I start simple: custom text colours, using different colour models. Shown here are RGB (0-255) and HTML (00-FF) style definitions. The text shows two different ways to access them. Bonus: these colours can be used in TikZ as well.


\definecolor{cool}{RGB}{0, 110, 220}
\definecolor{heat}{RGB}{240, 120, 40}
I am some \textcolor{heat}{really hot}, 
though \textcolor{cool}{also cold} text.
{\color{pink}Bright colors} are discouraged.

Random Dilbert bookmarklet

I’m addicted to the webcomic Dilbert by Scott Adams. He publishes one comic strip a day. With its archive ranging more than twenty years back, a random function to discover new old comics would be quite handy. That is what the following code snippet does: Create a random date between January 1st 1990 and today and navigate to that day’s comic address:

javascript:function pad(n){return n<10 ? '0'+n : n} var now =; var offset = (new Date(1990, 01, 01)).valueOf(); var rdate = new Date(offset + Math.round(Math.random() * (now-offset))); location.href = '' + rdate.getFullYear() + '-' + pad(rdate.getMonth()+1) + '-' + pad(rdate.getDate()) + '/';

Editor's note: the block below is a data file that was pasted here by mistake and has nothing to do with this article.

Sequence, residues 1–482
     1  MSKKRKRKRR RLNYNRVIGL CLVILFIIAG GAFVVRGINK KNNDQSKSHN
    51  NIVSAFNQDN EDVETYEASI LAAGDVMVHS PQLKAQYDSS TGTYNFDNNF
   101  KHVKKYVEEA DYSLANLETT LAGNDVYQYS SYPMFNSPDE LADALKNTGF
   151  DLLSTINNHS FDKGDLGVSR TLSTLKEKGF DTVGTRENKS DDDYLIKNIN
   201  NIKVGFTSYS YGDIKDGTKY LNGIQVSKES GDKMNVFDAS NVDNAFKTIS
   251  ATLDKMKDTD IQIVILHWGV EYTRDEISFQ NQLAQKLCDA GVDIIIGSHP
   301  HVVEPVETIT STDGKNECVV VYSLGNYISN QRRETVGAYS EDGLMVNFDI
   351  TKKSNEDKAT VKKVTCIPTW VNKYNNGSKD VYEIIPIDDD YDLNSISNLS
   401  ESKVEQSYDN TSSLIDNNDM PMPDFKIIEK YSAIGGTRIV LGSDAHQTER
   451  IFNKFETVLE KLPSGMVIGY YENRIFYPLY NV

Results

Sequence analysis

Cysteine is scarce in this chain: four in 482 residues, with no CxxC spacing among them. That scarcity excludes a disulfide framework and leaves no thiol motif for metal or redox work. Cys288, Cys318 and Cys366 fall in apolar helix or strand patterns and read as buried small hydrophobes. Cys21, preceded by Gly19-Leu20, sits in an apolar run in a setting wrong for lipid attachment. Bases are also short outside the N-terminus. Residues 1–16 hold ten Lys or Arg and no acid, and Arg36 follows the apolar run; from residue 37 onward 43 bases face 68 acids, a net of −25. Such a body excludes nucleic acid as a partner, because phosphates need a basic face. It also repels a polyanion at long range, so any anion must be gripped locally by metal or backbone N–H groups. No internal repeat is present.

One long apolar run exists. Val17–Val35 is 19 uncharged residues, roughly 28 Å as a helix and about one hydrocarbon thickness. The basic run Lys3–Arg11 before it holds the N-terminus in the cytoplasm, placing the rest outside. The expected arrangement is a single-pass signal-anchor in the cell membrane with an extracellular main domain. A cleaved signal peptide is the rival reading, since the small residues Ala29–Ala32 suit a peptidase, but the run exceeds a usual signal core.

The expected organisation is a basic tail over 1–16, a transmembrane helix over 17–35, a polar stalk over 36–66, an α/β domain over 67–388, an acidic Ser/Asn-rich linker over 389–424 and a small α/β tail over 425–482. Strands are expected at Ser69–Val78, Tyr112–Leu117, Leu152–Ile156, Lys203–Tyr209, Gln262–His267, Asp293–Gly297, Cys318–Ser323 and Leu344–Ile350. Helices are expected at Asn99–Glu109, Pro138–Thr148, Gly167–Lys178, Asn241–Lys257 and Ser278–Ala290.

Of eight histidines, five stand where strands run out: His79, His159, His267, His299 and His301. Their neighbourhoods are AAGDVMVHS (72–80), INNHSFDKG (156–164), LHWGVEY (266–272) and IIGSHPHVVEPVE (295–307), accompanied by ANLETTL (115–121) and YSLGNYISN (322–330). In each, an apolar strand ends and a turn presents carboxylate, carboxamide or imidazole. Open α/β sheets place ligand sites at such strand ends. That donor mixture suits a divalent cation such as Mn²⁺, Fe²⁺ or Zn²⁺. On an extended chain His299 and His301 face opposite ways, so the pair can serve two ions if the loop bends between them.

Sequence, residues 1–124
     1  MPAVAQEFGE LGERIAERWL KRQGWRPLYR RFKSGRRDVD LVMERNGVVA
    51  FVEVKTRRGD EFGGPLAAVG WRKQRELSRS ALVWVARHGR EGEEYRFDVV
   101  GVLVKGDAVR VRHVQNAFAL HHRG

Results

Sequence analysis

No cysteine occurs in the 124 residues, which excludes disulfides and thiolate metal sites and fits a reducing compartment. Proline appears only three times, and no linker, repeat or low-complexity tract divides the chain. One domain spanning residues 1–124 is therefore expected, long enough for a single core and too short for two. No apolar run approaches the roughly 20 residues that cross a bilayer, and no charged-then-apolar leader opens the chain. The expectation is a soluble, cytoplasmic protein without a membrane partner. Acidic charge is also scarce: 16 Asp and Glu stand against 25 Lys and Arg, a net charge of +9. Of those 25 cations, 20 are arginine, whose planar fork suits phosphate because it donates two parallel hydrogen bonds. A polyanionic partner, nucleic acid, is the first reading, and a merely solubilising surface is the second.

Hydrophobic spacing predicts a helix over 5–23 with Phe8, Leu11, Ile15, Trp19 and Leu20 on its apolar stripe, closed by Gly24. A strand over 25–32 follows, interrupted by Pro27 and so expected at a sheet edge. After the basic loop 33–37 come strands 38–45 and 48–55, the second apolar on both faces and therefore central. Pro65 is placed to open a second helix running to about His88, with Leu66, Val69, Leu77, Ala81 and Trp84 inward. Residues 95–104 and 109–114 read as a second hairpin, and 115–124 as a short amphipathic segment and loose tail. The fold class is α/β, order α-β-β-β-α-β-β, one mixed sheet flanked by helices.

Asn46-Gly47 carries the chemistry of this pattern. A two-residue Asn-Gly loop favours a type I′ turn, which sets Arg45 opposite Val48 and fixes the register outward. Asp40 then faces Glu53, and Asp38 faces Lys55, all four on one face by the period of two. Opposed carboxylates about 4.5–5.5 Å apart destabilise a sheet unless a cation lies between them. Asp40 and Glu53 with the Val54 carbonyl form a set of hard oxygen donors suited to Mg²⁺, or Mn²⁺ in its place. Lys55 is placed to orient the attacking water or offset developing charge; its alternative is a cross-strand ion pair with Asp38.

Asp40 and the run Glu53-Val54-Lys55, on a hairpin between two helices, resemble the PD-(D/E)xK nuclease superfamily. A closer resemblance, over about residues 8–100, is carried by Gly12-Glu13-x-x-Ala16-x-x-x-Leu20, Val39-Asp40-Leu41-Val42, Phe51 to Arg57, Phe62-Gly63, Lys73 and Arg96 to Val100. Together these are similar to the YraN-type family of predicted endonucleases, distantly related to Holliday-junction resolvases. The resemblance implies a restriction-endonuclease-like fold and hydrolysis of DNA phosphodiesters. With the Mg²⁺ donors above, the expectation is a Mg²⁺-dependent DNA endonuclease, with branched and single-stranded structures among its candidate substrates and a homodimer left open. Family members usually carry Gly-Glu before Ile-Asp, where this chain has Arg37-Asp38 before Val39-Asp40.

Just copy the text and add it as the URL to a new bookmark called “Random Dilbert”. Whenever you click on it, it takes you to a different comic.

How to convert video to MPEG 422 HD format for import in Lightworks Free

The best freely available video editing software for Windows is Lightworks (version 11.0.1). While it is free (as in beer), it has very restricted selection of import video formats at the moment. My camera (Canon EOS D550) delivers H.264 encoded MOV files, which—without other software—would require a 50 €/year codec license if you want to import them directly. Fortunately, I found a way to import my videos… Continue reading


AQUA-CSP is one of three conceptual studies which explored different parts of the DESERTEC project, a concept which relies on solar power from the world’s desserts as a major energy source for Europe. In previous posts I already talked about the two other studies MED-CSP andTRANS-CSP, the first focused on generation, the second on transportation of the generated electricity. This article deals with the third, often overlooked, aspect if this undertaking: desalination of huge quantities of sea water. Continue reading

Optimise nonlinear functions using Matlab or Octave

Contour plot of a test function. In the middle its minimum is shown. White triangles are spread throughout the picture, denoting the locations of the initial simplices.

For my diploma thesis I needed an easy-to-use optimisation algorithm which could minimise a given function. I had access to Matlab, but surprisingly, none of the supplied optimisation functions seemed to satisfy my needs: I wanted to globally minimise a non-linear function within boundaries without using gradients.

So I did a little research and found a Globalized Nelder-Mead method (PDF), which is a tuned version of the good old downhill simplex algorithm. Then I implemented it as a Matlab function. By the way: the function also works fine with Octave. Continue reading